As we wandered through the gallery, I overheard someone ask the question, “How would history have changed if the Crickets had become the Beetles? I don’t know if anything would be different except the names. When the Beatles were forming, they wanted to choose a name that would reflect the influence of Buddy Holly and the Crickets. If it had been Buddy Holly and the Beetles, it is possible that the band from England might have been called The Crickets! (A manager suggested that they spell beetle with an ‘a’ to include the musical term ‘beat’ in their name.)

The one question that is repeated over and over again is “What would music be like today if Buddy Holly had lived longer?” Buddy Holly was an innovator. He used the technology available to create new and unusual sounds. He added strange instruments, layered the sound, even used a cardboard box to make the sound he wanted for a song. He did all this long before digital capabilities. He was well beyond his time and those who followed had him to thank for inspiring them to reach for the stars with their music. He also stood up for his individuality, refusing to be formed by the industry or those who produced his work. He was a creative musician and refused to allow that creativity to be smothered.

It was certainly tragic that Buddy Holly died so early. We can certainly grieve the loss and wonder how the world may have been changed by him had he lived. But I thought about this from another point of view. SonnyCurtis said, “Buddy Holly lives wherever rock ‘n roll is played.” Buddy Holly was the spark that set in motion something spectacular. If Buddy Holly had continued his tour, would the Beatles have pushed forward into their career? Would The Rolling Stones have started their career with a cover song from the Crickets? Would the Hollies have felt they could name their band after a living man? Buddy Holly’s creativity may have oppressed the creativity of all those other artists. He has had an incredible impact on the world of music perhaps because his career was cut so short. It only takes a spark to get a fire going, and Buddy Holly’s spark hit exactly the right hearts.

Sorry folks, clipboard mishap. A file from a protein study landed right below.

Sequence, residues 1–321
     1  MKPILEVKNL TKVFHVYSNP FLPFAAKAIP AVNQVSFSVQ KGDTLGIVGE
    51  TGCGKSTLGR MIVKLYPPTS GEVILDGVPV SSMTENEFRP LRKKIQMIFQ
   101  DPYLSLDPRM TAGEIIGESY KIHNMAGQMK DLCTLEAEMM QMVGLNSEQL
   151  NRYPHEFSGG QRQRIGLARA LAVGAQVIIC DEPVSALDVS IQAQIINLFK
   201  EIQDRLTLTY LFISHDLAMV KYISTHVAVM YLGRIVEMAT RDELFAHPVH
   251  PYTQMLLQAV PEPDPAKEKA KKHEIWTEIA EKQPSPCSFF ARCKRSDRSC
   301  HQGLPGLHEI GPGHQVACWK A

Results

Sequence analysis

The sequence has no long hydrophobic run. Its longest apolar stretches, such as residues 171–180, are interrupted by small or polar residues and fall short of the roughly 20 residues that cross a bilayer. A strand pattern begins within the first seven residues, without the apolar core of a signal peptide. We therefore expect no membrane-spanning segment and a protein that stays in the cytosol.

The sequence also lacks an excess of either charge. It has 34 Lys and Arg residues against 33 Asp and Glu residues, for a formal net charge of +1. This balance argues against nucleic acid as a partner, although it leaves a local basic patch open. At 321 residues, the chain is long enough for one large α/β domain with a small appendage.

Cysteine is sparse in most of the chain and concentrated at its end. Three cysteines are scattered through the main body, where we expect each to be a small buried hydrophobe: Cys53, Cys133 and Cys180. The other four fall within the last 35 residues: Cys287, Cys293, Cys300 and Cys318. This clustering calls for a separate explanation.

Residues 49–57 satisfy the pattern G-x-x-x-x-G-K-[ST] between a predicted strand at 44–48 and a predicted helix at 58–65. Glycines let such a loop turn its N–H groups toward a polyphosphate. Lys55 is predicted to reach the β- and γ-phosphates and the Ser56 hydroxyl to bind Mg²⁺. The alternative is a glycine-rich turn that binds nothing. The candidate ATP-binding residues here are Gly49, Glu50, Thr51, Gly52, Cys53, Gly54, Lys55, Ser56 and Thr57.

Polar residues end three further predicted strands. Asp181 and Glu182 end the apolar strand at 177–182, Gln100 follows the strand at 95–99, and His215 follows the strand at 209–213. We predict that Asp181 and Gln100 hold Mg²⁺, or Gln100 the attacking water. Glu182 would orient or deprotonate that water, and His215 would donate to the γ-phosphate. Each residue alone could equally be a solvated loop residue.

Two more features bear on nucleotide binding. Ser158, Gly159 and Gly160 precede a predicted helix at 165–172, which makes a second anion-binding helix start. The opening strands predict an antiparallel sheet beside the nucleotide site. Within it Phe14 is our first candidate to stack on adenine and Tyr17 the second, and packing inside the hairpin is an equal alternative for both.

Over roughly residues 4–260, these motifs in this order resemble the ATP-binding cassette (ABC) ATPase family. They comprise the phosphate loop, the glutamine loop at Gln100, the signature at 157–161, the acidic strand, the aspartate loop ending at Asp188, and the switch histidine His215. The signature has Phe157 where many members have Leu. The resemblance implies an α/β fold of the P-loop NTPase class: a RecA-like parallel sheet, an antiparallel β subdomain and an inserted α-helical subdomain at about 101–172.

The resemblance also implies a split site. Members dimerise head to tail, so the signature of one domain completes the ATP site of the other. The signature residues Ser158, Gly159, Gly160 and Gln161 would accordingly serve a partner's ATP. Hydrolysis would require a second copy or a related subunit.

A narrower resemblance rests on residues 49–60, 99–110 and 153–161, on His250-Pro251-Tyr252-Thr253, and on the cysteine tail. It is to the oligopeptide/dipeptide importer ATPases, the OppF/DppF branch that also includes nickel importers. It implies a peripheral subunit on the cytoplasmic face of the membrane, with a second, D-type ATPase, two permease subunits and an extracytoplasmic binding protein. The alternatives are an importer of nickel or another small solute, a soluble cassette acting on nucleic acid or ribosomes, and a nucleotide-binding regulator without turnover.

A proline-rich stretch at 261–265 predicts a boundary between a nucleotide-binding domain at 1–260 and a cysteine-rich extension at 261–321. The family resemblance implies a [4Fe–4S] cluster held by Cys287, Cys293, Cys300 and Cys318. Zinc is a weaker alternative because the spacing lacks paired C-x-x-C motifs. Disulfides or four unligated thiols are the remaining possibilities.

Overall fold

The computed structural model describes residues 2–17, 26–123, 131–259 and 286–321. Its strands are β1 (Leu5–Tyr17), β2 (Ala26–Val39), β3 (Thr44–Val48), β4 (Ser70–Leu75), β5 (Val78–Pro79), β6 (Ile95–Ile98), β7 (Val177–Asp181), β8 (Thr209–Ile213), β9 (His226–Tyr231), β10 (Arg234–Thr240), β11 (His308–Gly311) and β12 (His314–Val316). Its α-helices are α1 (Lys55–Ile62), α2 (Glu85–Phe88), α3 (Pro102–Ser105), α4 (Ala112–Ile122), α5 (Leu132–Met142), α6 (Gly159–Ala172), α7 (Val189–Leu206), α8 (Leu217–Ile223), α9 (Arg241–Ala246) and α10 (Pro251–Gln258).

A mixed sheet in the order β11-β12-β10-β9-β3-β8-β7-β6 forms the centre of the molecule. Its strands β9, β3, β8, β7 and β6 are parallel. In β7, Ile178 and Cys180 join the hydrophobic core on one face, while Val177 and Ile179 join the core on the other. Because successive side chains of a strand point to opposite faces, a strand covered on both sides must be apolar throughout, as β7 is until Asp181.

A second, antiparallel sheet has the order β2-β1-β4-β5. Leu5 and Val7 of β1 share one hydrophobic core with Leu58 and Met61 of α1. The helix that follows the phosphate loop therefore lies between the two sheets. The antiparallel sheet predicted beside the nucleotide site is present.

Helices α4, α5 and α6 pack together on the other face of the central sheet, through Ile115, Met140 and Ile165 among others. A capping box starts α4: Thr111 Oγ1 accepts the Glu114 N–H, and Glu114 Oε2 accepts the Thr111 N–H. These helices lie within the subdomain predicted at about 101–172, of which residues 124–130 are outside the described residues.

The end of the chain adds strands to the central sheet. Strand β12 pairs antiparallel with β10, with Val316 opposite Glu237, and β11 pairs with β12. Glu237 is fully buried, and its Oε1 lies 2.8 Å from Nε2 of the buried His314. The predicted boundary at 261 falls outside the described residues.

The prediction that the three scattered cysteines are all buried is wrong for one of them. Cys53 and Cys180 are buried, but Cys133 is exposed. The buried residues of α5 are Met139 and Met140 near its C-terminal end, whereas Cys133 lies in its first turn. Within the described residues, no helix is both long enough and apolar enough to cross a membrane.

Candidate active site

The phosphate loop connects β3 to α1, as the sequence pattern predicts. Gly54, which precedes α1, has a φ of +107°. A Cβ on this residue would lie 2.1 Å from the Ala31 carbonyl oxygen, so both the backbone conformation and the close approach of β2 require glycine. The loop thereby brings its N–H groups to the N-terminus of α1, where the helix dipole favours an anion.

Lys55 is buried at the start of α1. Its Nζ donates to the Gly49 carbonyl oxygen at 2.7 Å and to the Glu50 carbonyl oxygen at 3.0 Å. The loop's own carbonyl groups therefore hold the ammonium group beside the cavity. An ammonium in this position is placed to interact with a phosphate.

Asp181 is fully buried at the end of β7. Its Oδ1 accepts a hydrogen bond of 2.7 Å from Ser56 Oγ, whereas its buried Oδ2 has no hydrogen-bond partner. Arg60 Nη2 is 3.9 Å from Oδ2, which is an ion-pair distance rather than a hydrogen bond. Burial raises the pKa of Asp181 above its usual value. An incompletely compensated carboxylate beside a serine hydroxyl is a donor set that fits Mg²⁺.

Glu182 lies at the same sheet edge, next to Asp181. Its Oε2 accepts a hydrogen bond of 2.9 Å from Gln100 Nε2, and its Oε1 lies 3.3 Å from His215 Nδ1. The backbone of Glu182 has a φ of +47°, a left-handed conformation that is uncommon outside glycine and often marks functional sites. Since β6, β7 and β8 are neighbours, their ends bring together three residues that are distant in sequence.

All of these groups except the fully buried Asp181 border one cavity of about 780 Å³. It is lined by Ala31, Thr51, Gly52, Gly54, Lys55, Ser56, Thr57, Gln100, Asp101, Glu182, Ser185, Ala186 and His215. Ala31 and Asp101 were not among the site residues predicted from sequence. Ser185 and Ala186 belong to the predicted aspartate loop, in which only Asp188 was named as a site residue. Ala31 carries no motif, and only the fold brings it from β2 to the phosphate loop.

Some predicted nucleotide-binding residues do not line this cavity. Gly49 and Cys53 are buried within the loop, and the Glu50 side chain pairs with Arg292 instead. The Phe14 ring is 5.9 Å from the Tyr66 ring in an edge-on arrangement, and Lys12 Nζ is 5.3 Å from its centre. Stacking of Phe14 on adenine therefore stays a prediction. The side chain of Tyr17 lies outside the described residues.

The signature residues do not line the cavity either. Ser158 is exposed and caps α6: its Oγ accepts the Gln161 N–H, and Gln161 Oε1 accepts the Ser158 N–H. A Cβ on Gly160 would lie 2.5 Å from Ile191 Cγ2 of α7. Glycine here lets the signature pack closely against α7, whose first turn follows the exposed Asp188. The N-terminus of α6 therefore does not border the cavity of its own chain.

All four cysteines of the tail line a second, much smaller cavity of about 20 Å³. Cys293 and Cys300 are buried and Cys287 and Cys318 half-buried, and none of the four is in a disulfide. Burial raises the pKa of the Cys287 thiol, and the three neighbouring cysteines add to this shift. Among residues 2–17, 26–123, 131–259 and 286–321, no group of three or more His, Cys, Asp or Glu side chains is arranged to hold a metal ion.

When someone dies too early we grieve their loss and wonder what might have been if they had lived longer. It is natural for us to grieve and wonder, but let us also praise God for what we have been given. Buddy Holly had a huge impact despite the small seeds he planted. So too, those we’ve lost too early can be remembered for the impact they’ve had on the world. Even now, whatever seeds you have planted may be changing the world, no matter how small they seem. So, instead of focusing on what could have been, let us celebrate what is and look forward to what will grow out of what has been sown.


August 27, 2012

“He that cometh from above is above all: he that is of the earth is of the earth, and of the earth he speaketh: he that cometh from heaven is above all. What he hath seen and heard, of that he beareth witness; and no man receiveth his witness. He that hath received his witness hath set his seal to this, that God is true. For he whom God hath sent speaketh the words of God: for he giveth not the Spirit by measure. The Father loveth the Son, and hath given all things into his hand. He that believeth on the Son hath eternal life; but he that obeyeth not the Son shall not see life, but the wrath of God abideth on him.” John 3:31-36, ASV

One of my favorite places to visit in England was Warwick Castle. If you are planning a trip to England, this is a good place to start, especially if you want to see bits and pieces of English history from all the major eras. Warwick Castle has been developed into a tourist site that has created exhibits that show you about life at different times in English history. There is a place where the original wall still stands, and though that has been left to become natural, you can still see how they built defenses more than a thousand years ago. A dungeon area shows how they dealt with criminals during the dark ages. A wax museum shows a garden party in progress at the turn of the twentieth century. The lawn is filled with medieval crafters and games including jousting tournaments for the visitors to watch. Some may find it a bit touristy, but if you want to see a thousand years of history in one place, Warwick Castle is a great place to visit.

We aren’t used to so much history in America. Here in Texas, most of our historic sites are less than two hundred years old. We simply do not have the history here that they have in England. I have to laugh when I see signs on businesses that say, “Serving the public since 2002.” Really, ten years is a big deal? I recall pubs in England that have been serving the public for hundreds of years. There is more history in the East, but even in places like Jamestown and New England, the oldest buildings are no more than a few hundred years old.